Cosmological Implications of Light Element Abundances: Theory
Primordial nucleosynthesis provides (with the microwave background radiation) one of the two quantitative experimental tests of the hot Big Bang cosmological model (versus alternative explanations for the observed Hubble expansion). The standard homogeneous-isotropic calculation fits the light element abundances ranging from ^1H at 76% and ^4He at 24% by mass through ^2H and ^3He at parts in 10^5 down to ^7Li at parts in 1010. It is also noted how the recent Large Electron Positron Collider (and Stanford Linear Collider) results on the number of neutrinos (N_ν) are a positive laboratory test of this standard Big Bang scenario. The possible alternate scenario of quark-hadron-induced inhomogeneities is also discussed. It is shown that when this alternative scenario is made to fit the observed abundances accurately, the resulting conclusions on the baryonic density relative to the critical density (Ω_b) remain approximately the same as in the standard homogeneous case, thus adding to the robustness of the standard model and the conclusion that Ω_b ≈ 0.06. This latter point is the driving force behind the need for nonbaryonic dark matter (assuming total density Ωtotal = 1) and the need for dark baryonic matter, since the density of visible matter Ωvisible < Ω_b. The recent Population II B and Be observations are also discussed and shown to be a consequence of cosmic ray spallation processes rather than primordial nucleosynthesis. The light elements and N_ν successfully probe the cosmological model at times as early as 1 sec and a temperature (T) of ≈ 1010 K (≈1 MeV). Thus, they provided the first quantitative arguments that led to the connections of cosmology to nuclear and particle physics.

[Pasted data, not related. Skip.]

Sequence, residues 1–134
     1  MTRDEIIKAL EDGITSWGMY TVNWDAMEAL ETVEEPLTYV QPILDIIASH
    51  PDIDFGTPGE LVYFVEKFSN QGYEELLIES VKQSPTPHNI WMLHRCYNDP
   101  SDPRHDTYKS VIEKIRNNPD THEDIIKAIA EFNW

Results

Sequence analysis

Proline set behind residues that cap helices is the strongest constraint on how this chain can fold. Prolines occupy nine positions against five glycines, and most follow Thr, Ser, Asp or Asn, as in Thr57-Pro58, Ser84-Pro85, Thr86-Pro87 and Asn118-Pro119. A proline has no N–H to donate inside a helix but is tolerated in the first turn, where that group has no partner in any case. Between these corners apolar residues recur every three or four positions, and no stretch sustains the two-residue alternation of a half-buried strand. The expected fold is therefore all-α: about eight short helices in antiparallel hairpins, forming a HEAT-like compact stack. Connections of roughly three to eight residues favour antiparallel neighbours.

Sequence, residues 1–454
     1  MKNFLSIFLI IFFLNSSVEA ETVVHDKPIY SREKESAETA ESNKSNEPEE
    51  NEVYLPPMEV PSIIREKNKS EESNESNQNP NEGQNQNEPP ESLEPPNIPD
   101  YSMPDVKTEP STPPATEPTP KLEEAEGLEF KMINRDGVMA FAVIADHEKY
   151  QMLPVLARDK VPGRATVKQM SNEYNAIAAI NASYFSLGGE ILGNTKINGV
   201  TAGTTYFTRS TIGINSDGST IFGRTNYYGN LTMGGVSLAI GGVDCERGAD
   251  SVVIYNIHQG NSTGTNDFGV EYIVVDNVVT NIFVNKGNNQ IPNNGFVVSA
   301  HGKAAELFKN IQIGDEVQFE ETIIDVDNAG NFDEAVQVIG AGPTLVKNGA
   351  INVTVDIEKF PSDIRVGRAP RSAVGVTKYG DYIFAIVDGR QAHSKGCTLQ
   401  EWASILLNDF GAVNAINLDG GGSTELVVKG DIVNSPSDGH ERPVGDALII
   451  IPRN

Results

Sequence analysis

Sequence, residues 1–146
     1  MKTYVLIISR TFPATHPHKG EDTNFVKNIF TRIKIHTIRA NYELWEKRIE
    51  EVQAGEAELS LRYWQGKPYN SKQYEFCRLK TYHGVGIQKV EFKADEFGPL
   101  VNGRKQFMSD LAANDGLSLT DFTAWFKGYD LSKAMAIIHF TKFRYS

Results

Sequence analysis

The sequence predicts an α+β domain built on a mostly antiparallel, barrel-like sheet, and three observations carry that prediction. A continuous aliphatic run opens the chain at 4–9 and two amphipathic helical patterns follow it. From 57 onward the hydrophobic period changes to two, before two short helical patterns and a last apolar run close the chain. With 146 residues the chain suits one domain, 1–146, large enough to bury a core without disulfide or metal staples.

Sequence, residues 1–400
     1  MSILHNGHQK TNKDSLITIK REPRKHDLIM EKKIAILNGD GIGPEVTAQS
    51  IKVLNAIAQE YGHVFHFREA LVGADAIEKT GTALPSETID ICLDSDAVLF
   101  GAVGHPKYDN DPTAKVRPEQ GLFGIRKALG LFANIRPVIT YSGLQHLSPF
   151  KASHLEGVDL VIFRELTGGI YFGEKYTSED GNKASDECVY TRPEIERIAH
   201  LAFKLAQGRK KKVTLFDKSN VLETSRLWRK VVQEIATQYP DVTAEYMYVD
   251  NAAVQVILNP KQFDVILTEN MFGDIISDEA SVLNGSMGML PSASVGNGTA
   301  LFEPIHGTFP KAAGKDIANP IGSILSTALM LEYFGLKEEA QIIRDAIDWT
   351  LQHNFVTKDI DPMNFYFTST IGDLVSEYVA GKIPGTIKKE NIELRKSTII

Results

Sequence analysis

Proceedings of the National Academy of Science
- Pub Date:
- June 1993